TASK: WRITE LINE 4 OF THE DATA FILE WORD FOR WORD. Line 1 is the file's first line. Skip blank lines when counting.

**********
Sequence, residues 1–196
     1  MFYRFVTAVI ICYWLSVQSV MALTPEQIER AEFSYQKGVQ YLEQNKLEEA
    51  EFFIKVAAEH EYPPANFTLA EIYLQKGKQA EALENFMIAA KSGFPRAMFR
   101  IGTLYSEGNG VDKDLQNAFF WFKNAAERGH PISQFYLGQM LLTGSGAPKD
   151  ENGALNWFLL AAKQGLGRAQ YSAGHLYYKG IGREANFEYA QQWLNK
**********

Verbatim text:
   101  IGTLYSEGNG VDKDLQNAFF WFKNAAERGH PISQFYLGQM LLTGSGAPKD